What is CAN/CSA T200 and Why That Matters
A short history
This project started from a request back in 2016 from national energy provider company wanting to ensure that the IoT based devices they were recommending to clients were safe for use and could not be weaponized. This came to be as their in-house legal team we getting nervous hearing about all the device compromises on a daily basis.
This organization was known to the CSA Group standards teams and the reach out happened in the Fall of 2016 in a former site of CSA in Seattle suburb near Redmond. This meeting focused on the current nature of standardization and the complete lack of certification that looked at both the companies and the products they created from a maturity perspective. Hence the concept of the T200 was born and I was fortunate to be part of that discussion and in the develop of the T200.
Now happens next is bit strange for standards developers, specifically when creating new standards you do that market scan, determine weaknesses, etc. In essense a study period to better understand the market. However, CSA with our help decided to build a cyber assessment program. Yep, that is what we did and tried it a few times to better understand the overall impact to the vendor (regardless of size) and their ability to meet a baseline. This was a challenge and was not easy, it resulted in a lot more grey hairs. However, after 18 months of developing a process and validating it with vendors on both sides of the border, we had something. Not a small something but a concept that was field tested and ready for prime time!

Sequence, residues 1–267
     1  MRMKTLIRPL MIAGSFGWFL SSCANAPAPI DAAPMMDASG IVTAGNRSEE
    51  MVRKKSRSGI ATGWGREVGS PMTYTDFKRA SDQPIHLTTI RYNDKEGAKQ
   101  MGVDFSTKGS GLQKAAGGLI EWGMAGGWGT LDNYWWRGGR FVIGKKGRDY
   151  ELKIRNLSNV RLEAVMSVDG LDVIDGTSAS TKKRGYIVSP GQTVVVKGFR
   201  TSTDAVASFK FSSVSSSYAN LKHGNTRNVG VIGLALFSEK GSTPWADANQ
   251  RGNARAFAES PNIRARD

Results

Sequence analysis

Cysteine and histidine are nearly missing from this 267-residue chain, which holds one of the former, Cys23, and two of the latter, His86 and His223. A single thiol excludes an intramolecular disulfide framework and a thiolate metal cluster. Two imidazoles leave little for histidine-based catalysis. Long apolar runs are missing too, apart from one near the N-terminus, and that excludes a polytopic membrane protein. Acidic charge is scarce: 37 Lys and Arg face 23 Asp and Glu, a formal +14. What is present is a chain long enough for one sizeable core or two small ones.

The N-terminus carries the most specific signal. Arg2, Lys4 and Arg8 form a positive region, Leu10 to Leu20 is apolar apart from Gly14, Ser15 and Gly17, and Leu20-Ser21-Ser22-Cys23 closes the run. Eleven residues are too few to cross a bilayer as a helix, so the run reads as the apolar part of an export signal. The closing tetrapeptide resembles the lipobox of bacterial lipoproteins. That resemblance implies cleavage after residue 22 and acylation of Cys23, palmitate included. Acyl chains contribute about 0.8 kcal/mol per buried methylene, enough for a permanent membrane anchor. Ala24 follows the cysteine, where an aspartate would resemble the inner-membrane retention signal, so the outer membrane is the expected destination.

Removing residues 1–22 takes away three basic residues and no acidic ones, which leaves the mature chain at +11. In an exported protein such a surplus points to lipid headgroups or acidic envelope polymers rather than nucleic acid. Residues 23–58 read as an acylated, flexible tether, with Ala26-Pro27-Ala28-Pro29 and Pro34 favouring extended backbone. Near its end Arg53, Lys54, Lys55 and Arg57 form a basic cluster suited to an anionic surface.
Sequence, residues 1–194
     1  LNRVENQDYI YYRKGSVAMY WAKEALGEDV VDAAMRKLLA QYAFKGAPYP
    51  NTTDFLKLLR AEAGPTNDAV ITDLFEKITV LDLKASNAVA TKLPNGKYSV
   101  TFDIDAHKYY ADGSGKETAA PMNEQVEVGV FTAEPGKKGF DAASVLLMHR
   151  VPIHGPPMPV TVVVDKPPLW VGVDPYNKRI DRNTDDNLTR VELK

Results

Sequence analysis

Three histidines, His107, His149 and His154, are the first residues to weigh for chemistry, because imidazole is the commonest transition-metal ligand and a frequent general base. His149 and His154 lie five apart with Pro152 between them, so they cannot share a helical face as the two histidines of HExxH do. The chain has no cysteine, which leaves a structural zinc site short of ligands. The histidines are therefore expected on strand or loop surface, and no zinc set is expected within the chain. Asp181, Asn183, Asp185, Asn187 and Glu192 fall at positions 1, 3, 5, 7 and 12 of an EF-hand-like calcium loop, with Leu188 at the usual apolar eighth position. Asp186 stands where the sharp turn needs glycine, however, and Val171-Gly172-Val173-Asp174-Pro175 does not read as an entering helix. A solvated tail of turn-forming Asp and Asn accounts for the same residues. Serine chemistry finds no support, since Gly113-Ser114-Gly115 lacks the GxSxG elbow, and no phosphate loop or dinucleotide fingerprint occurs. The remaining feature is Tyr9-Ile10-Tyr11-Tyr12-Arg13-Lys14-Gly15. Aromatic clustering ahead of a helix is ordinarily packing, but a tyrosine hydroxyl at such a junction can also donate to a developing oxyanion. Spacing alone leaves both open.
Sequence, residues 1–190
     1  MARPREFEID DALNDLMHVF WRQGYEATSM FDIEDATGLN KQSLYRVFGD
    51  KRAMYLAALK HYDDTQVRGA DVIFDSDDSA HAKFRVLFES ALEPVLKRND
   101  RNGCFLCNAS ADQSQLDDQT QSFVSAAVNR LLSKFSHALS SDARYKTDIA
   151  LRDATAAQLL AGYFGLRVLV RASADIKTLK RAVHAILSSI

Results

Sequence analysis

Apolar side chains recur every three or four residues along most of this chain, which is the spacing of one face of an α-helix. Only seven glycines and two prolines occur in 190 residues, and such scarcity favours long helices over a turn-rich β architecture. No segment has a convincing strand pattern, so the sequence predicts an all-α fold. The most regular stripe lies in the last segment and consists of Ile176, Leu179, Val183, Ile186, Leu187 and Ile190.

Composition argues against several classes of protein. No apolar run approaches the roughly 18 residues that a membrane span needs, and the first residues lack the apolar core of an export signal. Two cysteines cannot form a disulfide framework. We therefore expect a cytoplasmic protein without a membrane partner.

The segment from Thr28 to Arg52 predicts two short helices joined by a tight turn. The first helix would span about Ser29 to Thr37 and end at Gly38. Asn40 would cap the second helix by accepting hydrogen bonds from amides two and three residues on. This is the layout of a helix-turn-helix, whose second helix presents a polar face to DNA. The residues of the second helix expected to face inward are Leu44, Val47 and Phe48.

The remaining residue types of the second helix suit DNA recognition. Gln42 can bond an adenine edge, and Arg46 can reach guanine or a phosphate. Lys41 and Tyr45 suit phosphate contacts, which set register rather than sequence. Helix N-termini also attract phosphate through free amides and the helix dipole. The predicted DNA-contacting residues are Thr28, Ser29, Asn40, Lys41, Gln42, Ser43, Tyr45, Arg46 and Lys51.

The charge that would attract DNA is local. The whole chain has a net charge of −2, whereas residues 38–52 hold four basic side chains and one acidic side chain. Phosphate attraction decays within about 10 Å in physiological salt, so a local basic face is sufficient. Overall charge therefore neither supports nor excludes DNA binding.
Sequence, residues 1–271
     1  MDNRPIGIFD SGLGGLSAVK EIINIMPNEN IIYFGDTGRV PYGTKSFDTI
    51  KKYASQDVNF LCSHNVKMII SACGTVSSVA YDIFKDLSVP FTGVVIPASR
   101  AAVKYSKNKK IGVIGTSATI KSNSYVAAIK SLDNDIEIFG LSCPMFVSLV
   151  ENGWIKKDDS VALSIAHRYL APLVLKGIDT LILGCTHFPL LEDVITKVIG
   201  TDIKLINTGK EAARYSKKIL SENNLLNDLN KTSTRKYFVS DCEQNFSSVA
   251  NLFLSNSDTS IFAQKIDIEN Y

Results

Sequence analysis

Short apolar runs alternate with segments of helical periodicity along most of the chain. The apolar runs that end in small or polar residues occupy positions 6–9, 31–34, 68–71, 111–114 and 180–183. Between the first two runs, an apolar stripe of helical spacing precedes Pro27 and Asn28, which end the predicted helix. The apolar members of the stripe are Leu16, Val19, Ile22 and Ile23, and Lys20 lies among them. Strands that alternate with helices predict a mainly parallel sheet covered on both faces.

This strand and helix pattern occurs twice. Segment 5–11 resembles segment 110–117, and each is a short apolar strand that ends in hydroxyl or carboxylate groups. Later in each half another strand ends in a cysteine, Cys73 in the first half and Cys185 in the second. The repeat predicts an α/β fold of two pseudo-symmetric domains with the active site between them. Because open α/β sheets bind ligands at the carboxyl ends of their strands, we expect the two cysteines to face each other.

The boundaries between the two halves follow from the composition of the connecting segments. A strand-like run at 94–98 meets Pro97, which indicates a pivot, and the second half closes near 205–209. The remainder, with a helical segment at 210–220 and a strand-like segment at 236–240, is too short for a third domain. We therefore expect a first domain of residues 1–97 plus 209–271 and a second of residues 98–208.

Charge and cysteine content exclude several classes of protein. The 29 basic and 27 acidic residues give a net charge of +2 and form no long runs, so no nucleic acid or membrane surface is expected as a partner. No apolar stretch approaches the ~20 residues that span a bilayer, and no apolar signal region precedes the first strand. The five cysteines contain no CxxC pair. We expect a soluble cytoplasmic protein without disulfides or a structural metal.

Now based on this and with support of the folks at our energy company and CSA, a NOI (Notice of Intent) was filed with Standards Council of Canada. It was met with some challenges by other SDOs that other “certifications” existed and this was not required. However, I was called up from pinch hit for the CSA on this as I wrote the seed document used for the NOI filing. My position on my argument was easy. There is no certification scheme that considers a company and the products they create from maturity model perspective. Needless to say, CSA was granted the project and we began our work in earnest to build our committee.
I will not get into all the trials in tribulations for a standards development process as it long, boring, and I don’t need to make this blog any longer than it needs to be ;). We assembled a mix of expert in both Canada and the US and developed the core content and 200+ controls that would be included in the initial version. This included adding a last minute supplement to meet the specific needs of the energy sector for both NERC and FERC compliance. It was tough and we got it done and published in May of 2022.
Here is what is contained in the standard, and why it is a game changer:
- It starts with a vendor self -assessment, then initial Maturity Level is assigned.
- Next up an audit verification of the self-assessment claims, then Maturity Level is updated to reflect any issues identified.